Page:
A similar argument was brought up for two Oklahoma death row inmates, Donald Grant and Gilbert Postelle, who agreed to choose death by firing squad over the electric chair in February.
‘While it may be gruesome to look at, we all agree it will be quicker,’ Jim Stronski, the inmate’s attorney said during a court hearing last month.
Dr. James Williams, an emergency medicine specialist from Texas, told the Oklahoma court that death from at least ‘four high-powered rifles’ would deliver a blow to the heat so quickly that ‘an inmate wouldn’t feel pain,’ NPR reported.
Both Grant and Postelle’s pleas were rejected by a U.S. District Judge.
Last year, the Supreme Court refused to hear an appeal from Missouri death row inmate Ernest Johnson who had asked the state to allow him to choose death by firing squad because lethal injections would cause him excruciating pain, The New York Times reported.
Oklahoma death row inmates Donald Grant (left) and Gilbert Postelle had asked for death by firing squad last month. Their plea was rejected by a U.S. District Judge.
The Supreme Court rejected Alabama death row inmate Tommy Arthur’s’ request to die by firing squad over a lethal injection in 2017. He was executed by lethal injection later that year
In 2017, The high court rejected Alabama death row inmate Tommy Arthur’s’ request to die by firing squad over a lethal injection due to a series of botched executions using the later method.
Arthur, who had killed his girlfriend’s husband in 1982, was executed later that year by lethal injection.
South Carolina, Utah and Oklahoma are the only states that allow death by firing squad.
South Carolina’s plans to execute Sigmon and Owens, the court wrote in an unanimous order, were on hold ‘due to the statutory right of inmates to elect the manner of their execution.’
Prisons officials had previously said they still couldn’t obtain lethal injection drugs and have yet to put together a firing squad, leaving the 109-year-old electric chair as the only option.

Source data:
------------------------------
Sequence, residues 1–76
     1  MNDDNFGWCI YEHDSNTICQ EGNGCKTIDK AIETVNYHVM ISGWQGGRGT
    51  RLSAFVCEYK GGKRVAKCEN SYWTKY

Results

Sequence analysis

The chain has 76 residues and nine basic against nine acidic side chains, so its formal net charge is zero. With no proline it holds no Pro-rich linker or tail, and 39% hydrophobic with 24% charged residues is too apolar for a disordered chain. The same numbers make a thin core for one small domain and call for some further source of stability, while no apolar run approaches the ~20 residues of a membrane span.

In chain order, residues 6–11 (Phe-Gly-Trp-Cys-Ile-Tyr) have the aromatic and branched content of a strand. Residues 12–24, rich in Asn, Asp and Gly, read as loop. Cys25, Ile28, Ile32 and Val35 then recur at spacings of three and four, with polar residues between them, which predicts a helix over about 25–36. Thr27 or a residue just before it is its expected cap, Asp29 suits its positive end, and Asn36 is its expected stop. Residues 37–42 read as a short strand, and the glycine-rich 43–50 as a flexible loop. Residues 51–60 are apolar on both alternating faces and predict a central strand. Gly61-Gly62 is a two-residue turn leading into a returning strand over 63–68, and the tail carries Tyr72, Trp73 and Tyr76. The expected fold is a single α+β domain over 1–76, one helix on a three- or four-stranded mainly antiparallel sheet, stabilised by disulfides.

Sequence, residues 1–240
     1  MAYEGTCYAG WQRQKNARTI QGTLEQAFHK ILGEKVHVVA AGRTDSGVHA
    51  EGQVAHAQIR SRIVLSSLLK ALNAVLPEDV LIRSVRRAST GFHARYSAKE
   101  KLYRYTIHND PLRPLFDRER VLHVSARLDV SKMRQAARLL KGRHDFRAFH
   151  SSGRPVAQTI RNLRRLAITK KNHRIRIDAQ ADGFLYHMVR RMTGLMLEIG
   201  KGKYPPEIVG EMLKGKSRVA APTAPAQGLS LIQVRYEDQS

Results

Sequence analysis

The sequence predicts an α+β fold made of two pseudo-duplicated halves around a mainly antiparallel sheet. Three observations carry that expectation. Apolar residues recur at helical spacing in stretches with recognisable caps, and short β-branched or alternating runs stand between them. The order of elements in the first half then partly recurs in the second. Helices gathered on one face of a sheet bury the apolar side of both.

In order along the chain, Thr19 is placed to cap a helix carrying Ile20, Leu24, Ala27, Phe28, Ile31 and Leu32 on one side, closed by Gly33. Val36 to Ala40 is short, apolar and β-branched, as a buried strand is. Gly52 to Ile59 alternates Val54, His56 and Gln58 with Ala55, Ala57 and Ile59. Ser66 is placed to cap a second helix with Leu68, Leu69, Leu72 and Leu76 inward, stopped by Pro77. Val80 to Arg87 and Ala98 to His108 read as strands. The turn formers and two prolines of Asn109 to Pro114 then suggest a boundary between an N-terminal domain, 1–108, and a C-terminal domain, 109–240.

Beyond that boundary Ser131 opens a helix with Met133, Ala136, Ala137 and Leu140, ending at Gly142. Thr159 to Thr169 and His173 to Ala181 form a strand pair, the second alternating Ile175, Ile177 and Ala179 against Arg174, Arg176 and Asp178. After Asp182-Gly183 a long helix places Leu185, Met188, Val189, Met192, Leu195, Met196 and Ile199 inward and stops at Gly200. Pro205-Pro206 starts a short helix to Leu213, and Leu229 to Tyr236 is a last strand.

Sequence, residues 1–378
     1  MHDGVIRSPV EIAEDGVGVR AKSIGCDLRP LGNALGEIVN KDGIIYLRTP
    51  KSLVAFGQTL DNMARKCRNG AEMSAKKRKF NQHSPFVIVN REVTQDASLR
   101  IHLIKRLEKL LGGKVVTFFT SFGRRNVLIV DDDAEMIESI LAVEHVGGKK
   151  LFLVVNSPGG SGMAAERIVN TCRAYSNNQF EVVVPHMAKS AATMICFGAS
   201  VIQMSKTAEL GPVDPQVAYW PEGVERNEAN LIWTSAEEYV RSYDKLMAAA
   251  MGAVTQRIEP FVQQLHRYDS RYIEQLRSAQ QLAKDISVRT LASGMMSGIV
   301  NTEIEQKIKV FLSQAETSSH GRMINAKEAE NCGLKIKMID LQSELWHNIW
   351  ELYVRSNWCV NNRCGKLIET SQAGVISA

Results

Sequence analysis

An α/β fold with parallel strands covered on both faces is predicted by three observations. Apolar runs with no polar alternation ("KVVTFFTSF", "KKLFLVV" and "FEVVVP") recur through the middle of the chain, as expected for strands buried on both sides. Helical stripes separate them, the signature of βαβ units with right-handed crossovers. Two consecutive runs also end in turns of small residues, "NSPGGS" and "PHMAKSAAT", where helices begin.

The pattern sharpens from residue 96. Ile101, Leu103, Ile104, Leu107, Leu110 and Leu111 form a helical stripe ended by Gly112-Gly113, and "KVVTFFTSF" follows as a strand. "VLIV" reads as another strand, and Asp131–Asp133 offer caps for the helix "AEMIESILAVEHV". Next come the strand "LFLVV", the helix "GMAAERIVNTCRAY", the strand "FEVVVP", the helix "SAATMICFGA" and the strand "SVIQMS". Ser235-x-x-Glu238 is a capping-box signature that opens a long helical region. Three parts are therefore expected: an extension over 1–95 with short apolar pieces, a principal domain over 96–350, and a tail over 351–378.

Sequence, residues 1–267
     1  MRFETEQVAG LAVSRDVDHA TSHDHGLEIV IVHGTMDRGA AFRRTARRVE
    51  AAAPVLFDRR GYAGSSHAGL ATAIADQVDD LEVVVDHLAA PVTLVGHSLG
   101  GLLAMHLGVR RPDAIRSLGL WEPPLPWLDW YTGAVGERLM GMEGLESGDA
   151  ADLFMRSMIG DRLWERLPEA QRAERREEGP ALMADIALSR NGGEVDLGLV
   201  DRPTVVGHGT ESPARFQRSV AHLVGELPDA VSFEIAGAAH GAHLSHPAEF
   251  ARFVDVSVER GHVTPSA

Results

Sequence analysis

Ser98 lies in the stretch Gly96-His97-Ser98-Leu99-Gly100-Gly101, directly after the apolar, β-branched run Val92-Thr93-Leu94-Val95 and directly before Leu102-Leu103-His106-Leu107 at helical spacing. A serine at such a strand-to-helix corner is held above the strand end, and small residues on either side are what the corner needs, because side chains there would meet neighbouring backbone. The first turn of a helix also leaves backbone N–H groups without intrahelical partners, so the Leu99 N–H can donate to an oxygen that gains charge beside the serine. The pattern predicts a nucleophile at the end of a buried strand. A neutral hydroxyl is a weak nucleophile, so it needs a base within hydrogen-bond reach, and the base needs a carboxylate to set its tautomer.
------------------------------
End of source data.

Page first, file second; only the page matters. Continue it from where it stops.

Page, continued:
Now that a firing squad has been formed, the court will need to issue a new order for any execution to be carried out.
The executions were scheduled less than a month after the passage of the new law.
Sigmon was sentenced to death in 2002 for the murder of David and Gladys Larke in 2001.
Owens was sentenced to death in 1999 for the murders of Irene Graves in 1997 and for killing fellow inmate Christopher Lee.
Attorneys for the two men argued in legal filings that death by electrocution is cruel and unusual, saying the new law moves the state toward less humane execution methods.
They have also said the men have the right to die by lethal injection – the method both of them chose – and that the state hasn’t exhausted all methods to procure lethal injection drugs.
Representatives for Sigmon and Owens did not immediately respond to DailyMail.com’s request for comment.
Lawyers for the state have maintained that prisons officials are simply carrying out the law, and that the U.S. Supreme Court has never found electrocution to be unconstitutional.
The last person to be sentenced to death by firing squad was Ronnie Lee Gardner, of Utah, in 2010. Gardner had said he preferred to die by the method
South Carolina´s last execution took place in 2011, and its batch of lethal injection drugs expired two years later. There are 37 men on the state´s death row.
Utah is the only state in the past 40 years to carry out death by firing squad, with the most recent sentence carried out in 2010 against Ronnie Lee Gardner, who killed a bartender and then shot a lawyer to death and wounded a bailiff during a 1985 courthouse escape.
Utah adopted lethal injection as the default execution method in 2004, but Gardner was still allowed to choose the controversial firing squad option because he was sentenced before the law changed.
He told his lawyer he did it because he preferred it – not because he wanted the controversy surrounding the execution to draw attention to his case.